The Norwegian Bliss arrives at Bell Street cruise terminal

The Port of Seattle welcomed Norwegian Bliss, the newest ship in the Norwegian Cruise Line fleet, on 30th May.

At over 168,000 gross tons and a capacity of 4,004, double occupancy, Norwegian Bliss is the largest cruise vessel on the west coast and was built especially for the Alaska cruise market. The arrival of Norwegian Bliss marks a major milestone for the Port of Seattle, which over the last 18 years has transformed into the largest and fastest growing cruise business on the west coast while earning a reputation for progressive environmental protections.

“The Port of Seattle is thrilled to host the magnificent Norwegian Bliss and her passengers for many Alaska cruise seasons to come,” said Port of Seattle Commission President Courtney Gregoire. “Cruise ships like Norwegian Bliss meet our objectives of increasing economic opportunity in our region while constantly raising the bar on environmental sustainability. We thank Norwegian for their eighteen years of partnership with the Port of Seattle and look forward to more to come.

“We are proud of our partnership with the Port of Seattle, where we have cruised out of for nearly two decades,” said Andy Stuart, President and CEO of Norwegian Cruise Line. “Tomorrow will mark an exciting evolution of our relationship. For the first time in the company’s history, we will christen our newest and most innovative ship in Seattle before she begins her inaugural season cruising to Alaska. We look forward to a promising future and continuing to work with the Port of Seattle to further expand cruising opportunities in the Pacific Northwest.”

In April 2018, Norwegian Cruise Line Holdings Ltd., the leading global cruise company which operates the Norwegian Cruise Line, Oceania Cruises and Regent Seven Seas Cruises brands released its 2017 Stewardship Report, highlighting the company’s progress in minimising waste to landfill, investing in emerging technologies, and reducing CO2 emissions. The Stewardship Report is part of their Sail & Sustain program, which reflects the company’s mission to continually improve its sustainability culture through fresh innovation, progressive education and open collaboration.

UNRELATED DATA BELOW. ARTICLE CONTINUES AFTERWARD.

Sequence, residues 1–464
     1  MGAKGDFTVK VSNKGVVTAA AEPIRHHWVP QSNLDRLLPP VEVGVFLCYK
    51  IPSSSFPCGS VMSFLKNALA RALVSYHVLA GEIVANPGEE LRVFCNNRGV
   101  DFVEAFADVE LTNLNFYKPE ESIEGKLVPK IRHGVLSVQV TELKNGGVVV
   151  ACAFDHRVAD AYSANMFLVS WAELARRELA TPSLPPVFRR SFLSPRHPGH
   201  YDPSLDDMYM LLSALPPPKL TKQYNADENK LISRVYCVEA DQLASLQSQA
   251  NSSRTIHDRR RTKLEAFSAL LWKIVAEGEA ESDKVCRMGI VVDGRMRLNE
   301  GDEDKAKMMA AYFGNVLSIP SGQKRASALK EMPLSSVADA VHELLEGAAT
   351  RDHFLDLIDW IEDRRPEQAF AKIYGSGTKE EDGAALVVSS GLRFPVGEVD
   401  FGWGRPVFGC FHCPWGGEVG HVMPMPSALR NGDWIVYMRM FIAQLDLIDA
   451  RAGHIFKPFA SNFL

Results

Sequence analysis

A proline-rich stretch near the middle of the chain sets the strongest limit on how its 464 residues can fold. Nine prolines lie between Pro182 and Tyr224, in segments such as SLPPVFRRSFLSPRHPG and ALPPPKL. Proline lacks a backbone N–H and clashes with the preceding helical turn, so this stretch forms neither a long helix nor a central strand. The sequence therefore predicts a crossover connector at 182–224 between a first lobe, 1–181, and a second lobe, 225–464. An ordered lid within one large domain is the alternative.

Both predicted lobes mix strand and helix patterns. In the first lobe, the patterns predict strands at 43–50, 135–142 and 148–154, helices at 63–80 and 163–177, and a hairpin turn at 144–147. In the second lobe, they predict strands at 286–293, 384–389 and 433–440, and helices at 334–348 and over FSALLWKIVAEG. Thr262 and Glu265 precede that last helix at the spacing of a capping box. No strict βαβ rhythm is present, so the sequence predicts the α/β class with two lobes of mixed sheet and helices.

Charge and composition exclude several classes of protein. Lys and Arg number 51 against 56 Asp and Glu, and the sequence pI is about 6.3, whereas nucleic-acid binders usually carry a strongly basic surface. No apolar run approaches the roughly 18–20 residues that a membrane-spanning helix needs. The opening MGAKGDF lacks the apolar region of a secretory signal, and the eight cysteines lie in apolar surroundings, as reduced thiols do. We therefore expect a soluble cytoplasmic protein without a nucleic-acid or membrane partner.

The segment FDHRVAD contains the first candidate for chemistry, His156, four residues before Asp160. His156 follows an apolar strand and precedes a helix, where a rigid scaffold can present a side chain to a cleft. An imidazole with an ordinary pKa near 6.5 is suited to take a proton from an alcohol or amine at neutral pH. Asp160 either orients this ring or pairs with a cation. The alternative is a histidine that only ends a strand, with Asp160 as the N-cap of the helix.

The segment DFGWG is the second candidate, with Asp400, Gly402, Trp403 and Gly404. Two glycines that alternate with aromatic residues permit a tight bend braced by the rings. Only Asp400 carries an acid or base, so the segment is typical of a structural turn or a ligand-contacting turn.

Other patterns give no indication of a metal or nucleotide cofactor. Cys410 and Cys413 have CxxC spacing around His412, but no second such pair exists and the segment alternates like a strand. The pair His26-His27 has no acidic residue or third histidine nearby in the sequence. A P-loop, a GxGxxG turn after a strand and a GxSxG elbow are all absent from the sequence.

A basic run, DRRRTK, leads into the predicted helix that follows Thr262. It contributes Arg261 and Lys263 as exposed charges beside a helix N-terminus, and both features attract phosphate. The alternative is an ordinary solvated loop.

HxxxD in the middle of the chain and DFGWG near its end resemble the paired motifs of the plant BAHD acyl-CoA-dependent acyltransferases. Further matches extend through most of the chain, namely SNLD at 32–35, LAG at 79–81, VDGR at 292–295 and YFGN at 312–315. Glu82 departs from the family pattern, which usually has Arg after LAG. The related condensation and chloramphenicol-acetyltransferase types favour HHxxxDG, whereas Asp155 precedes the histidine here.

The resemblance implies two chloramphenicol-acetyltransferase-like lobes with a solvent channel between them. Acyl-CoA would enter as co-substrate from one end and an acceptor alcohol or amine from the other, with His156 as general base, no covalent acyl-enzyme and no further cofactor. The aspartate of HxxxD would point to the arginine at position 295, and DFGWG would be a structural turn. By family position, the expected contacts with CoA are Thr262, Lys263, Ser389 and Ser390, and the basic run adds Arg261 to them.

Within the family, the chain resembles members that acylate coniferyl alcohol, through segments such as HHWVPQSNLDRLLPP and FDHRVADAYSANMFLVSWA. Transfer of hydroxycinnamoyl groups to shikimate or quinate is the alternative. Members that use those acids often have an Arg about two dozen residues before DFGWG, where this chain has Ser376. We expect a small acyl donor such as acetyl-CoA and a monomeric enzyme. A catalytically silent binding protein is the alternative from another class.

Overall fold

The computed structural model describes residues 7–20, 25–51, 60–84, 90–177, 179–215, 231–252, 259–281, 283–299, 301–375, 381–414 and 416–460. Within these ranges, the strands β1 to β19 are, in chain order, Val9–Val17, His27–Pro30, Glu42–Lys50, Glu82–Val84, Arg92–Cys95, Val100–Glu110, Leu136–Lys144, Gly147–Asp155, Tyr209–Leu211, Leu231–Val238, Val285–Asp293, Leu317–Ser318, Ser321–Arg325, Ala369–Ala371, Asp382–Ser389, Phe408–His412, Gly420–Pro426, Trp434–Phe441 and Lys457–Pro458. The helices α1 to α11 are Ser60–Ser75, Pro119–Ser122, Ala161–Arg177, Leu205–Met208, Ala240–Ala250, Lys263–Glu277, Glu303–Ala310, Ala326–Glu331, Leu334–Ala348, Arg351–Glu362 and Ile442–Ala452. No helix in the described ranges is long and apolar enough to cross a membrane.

Through the Sail & Sustain program, Norwegian Cruise Line Holdings is committed to increasing sustainable sourcing, minimising waste to landfills, investing in emerging technologies and reducing their CO2 emissions.

The cruise line has also established environmental partnerships with the Guy Harvey Ocean Foundation, the Alaska Raptor Centre, and Nova South-eastern University’s Oceanographic Centre in coral reef restoration.

The cruise industry in Seattle is a major economic driver for the region, providing over 4,000 jobs and over $500 million into the region’s economy each season. The Port of Seattle can handle some of the largest vessels in the world, with a naturally deep-water port, and award-winning world-class cruise facilities that will process over one-million revenue passengers for the second year in a row. Both cruise terminals offer convenience in a spectacular setting on the downtown waterfront, including easy access to Sea-Tac International Airport.